DVD REVIEW: Roman Holiday – The Centennial Collection

Roman Holiday is Audrey Hepburn film debut, she co-starred with Gregory Peck in a romantic comedy about a modern-day Princess and an American newspaperman who fall in love. It’s absolutely amazing that Hepburn won an Oscar for this role.

There are several extra featurettes about Audrey’s biography. All in all these extras will last a couple hours at most. One of the videos is carried over straight from the 2002 DVD release.

This collection includes:
Audrey Hepburn: The Paramount Years
Remembering Audrey
Rome with a Princess
Dalton Trumbo: From A-List to Blacklist
Restoring Roman Holiday
Behind the Gates: Costumes
Paramount in the ‘50s- Retrospective Featurette

This film is very enjoyable to watch. Some of the shots of Rome and its landmarks look fantastic. Audrey Hepburn was delightful, and this was one of Gregory Peck’s better films.

DVD REVIEW: Sunset Boulevard – The Centennial Collection

Sunset Boulevard is one weird movie. I mean that in a good way, this movie keeps you on your toes. You have no idea what is going to happen next.

The movie starts out with a dead man floating in a pool at a Sunset Boulevard Mansion. If that doesn’t immediately grab your attention than we’ve lost all hope for you. This tragic story is an inside look into Hollywood filmmaking.

Sunset Boulevard has one hell of a golden quote: “All right, Mr. Demille, I’m ready for my close-up.” Yeah it’s one of those quotes that you’ve heard before but never knew where it came from. Well now you know.

This movie defines a classic. It is surely one that most people will enjoy.

The DVD includes:
Commentary by Ed Sikov (author of On Sunset Boulevard: The Life and Times of Billy Wilder)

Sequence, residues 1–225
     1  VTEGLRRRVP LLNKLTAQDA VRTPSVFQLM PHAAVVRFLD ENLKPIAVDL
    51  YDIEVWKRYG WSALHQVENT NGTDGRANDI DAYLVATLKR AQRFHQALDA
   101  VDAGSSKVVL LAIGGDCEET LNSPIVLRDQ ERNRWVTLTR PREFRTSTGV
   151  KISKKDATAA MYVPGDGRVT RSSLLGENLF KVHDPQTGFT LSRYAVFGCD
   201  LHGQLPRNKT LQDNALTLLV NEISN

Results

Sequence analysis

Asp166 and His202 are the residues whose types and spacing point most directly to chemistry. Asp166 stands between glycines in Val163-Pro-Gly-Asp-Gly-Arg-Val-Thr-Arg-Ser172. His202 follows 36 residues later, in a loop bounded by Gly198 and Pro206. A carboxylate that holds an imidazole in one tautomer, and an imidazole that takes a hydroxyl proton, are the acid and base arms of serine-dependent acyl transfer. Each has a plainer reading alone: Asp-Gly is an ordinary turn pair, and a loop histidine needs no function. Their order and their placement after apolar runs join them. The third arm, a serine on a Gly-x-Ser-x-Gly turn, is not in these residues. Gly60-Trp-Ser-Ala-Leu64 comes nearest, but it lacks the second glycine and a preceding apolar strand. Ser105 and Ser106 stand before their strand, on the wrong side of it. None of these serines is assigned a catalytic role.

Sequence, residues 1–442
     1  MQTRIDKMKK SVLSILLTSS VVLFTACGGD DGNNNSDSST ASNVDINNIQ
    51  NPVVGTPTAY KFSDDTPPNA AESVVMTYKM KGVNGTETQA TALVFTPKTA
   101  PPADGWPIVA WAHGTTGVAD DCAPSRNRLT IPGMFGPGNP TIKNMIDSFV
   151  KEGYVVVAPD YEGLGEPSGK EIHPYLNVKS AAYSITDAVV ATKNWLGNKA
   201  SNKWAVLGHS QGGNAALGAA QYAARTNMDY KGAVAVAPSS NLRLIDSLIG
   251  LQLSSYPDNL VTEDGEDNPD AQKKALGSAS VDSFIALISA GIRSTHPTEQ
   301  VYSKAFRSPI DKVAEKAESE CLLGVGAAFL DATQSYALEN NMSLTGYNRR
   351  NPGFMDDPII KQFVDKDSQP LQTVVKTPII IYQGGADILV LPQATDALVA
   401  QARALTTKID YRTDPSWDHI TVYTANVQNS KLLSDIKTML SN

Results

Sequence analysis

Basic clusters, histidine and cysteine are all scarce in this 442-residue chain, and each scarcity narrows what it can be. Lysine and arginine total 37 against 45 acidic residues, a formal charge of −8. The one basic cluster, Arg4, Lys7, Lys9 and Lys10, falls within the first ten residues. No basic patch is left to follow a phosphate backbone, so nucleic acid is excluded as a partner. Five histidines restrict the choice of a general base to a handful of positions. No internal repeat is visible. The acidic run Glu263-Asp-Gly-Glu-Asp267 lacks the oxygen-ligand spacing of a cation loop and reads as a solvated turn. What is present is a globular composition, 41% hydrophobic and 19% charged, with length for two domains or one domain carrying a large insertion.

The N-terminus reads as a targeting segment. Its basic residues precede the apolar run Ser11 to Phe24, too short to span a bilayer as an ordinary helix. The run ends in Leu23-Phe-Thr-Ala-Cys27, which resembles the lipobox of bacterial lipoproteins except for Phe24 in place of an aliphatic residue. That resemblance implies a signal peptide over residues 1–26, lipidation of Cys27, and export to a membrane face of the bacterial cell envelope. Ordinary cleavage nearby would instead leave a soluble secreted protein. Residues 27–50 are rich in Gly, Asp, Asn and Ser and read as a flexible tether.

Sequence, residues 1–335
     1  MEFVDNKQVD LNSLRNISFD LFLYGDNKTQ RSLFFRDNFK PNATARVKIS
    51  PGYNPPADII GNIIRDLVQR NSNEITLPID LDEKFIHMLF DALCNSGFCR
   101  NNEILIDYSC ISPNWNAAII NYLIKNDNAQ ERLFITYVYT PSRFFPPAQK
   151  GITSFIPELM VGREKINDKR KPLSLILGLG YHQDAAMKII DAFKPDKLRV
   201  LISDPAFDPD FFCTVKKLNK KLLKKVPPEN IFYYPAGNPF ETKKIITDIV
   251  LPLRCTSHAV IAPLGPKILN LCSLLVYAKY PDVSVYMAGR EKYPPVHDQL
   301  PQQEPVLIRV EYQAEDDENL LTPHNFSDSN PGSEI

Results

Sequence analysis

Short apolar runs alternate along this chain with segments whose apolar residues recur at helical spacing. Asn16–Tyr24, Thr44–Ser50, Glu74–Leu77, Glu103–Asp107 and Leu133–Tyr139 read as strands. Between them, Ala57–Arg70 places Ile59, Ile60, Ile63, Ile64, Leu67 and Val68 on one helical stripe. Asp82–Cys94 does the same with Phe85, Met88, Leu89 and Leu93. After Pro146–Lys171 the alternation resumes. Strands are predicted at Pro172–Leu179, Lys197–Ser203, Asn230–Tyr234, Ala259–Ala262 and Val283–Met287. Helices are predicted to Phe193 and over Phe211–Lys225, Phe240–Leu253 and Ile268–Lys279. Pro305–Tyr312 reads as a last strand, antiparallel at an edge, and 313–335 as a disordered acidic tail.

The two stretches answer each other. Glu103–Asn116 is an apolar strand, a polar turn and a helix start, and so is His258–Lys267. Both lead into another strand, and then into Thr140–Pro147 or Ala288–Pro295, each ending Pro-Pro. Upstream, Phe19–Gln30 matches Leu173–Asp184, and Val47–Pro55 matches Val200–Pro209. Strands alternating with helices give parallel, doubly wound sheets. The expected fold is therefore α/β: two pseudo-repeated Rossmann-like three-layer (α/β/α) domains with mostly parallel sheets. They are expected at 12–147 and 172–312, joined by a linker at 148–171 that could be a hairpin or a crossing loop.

Sunset Boulevard: The Beginning
The Noir Side of Sunset Boulevard by Joseph Wambaugh
Two Sides of Ms. Swanson
Stories of Sunset Boulevard
Mad About the Boy: A Portrait of William Holden
Sunset Boulevard Becomes a Classic
Recording Sunset Boulevard
The City of Sunset Boulevard
Original Morgue Prologue
The Score of Sunset Boulevard
Behind the Gates: The Lot
Hollywood Location Map
Paramount in the ‘50s – Retrospective Featurette

DVD REVIEW: Sabrina (1954)


Audrey Hepburn plays the role of Sabrina, the Larrabee’s Chauffeur’s daughter. Sabrina has been in love with David Larrabee, a young playboy, for as long as she could remember. After a trip to Paris for culinary school, Sabrina comes back looking like a beautiful, elegant, and sophisticated lady rather than a girl stalking David from the trees.

Catching David’s attention, he falls in love with her, forgetting about his fiancé and the 20 million dollar sugarcane and plastic deal. So Humphrey Bogart, who plays Linus, decides to try to entice Sabrina out of leaving with David, but apparently Linus ends up falling in love with Sabrina but it is hard to notice. 

This movie has poor acting and a weak plot. It’s like Cinderella but with a father, and she doesn’t have until midnight. I found Sabrina to be a psycho. She has been in love with this man for over 10 years and he doesn’t notice her. I especially felt this way after she tried to commit suicide in the garage by carbon monoxide poisoning, because he didn’t love her.

I believe this was a horrible role for Audrey Hepburn to play; maybe she was blackmailed into this movie because while some may think it’s a classic, I believe Paramount wasted a horrible amount of money to produce this garbage without a likeable storyline. I cannot emphasize how horrible the acting is. While it may have been the script, I could not tell if Linus or David, loved her, loathed her, or was just drunk.

If I were you I would pass on this movie. It was two hours that I could have spent studying! (But not really). Well I would advise you to check out Witness of the Prosecution if you are in for a good black and white flick.